POSTED: December 1st 2015
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NEIL WILSON: Hamburg speaks for the world - the Olympic rings need a polish

Hamburg citizens said no to the Olympic campaign / Bigstock
Hamburg citizens said no to the Olympic campaign / Bigstock


THE NEIL WILSON COLUMN / An exclusive, authoritative series from Sports Features Communications

(SFC) The last time Germany hosted an Olympic Games, IOC president Thomas Bach was a teenager studying law and politics at university there.

The next time may not be in his life-time. Certainly it will not be during the 12 years he is allowed to serve as president of the Olympic movement.

Germany, where Bach served as NOC president before his IOC election, turned its back on the Olympic Games for the second time in two years this week when Hamburg's citizens voted against a bid to host the 2024 Olympic Games.

It looked like a close run event: just 51.6% saying Nein. It was far less close if you exclude the two-thirds in favour in the sailing venue of Kiel. Hamburg itself wanted nothing to do with the five-ringed sporting circus.

The IOC and the bid committee blamed current events: corruption in German football, the cost of the refugee crisis, the killings in Paris. Yet none of those had happened when two years earlier Munich made the same choice in relation to a bid for the 2022 Winter Games.

Nor across neighbouring borders Austrian, Swiss, Polish, Swedish and Norwegian cities took the same view.

And across the Atlantic, the citizens of Boston showed the same indifference. Offered the right to bid by the US Olympic Committee, they said no thanks. "People can see that there are things where the money is better spent," said Florian Kosiske, of NOlympia, a Hamburg opposition group.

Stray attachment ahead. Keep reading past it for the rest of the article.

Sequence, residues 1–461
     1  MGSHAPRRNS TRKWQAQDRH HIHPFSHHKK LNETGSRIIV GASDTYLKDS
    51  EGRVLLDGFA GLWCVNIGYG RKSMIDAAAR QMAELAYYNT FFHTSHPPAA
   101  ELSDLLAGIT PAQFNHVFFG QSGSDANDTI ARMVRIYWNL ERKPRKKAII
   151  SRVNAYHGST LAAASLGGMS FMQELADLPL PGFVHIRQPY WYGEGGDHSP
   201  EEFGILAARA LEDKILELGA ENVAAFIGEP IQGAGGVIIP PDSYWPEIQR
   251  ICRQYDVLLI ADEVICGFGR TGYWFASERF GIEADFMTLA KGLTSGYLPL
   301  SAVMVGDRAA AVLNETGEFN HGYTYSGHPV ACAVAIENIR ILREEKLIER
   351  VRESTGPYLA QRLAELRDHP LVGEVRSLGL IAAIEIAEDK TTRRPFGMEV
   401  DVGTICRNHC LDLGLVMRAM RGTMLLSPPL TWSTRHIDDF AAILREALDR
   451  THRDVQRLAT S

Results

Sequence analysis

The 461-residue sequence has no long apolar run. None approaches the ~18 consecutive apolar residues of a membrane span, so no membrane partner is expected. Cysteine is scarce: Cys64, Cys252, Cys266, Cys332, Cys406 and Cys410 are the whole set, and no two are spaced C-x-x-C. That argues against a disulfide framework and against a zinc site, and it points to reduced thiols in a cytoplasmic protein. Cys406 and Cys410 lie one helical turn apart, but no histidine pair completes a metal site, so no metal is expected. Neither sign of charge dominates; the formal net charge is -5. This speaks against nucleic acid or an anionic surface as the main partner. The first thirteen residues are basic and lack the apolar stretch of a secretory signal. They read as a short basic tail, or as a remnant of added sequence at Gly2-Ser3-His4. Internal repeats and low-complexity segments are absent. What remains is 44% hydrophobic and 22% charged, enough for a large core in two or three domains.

So after being left with only two bidders for 2022, both dictatorship where the public have no choice in the matter, the IOC is left with four cities bidding for 2024: the USA's second-choice of Los Angeles, Paris, Budapest and Rome.

None plans to hold a referendum. None probably dare. Major cities, where infrastructure is highly developed already, face a difficult job selling the concept to citizens where legacy value is not obvious.

London sold its bid to host the 2012 Games to the IOC on the legacy it would create for sport as well as the eastern part of its city. Many argue that the former did not materialize and the latter would have happened without the Olympic Games occurring there.

More significantly, London did not ask its citizens for their opinion. No referendum was held. Many there believe that even with Government, city authorities and NOC support, the bid would not have won the popular vote in advance.

So what do the citizens of Rome, Budapest, Los Angeles and Paris think about spending anything up to $100 million on a bidding process that for three of the cities will be money down the drain?

They should be asked. It should be a condition of bidding that a referendum has proven public support.

And long before any city thinks about putting a bid to a local vote, Bach should be out there around the world not glad-handing presidents and Pontiff but selling the Olympic brand to the common man. Because it is tarnished.

Hamburg spoke for the world when it made that clear.

** NEIL WILSON reported his first Olympic Games in Munich in 1972. He has since covered another nine summer and nine winter Olympics for various newspapers, including The Independent and the Daily Mail with whom he has worked for the last 19 years as Athletics and Olympic correspondent. He was Britain's Sports Journalist of the Year in 1984 and is the author of seven books. 


Keywords · Olympics · Neil Wilson · bidding


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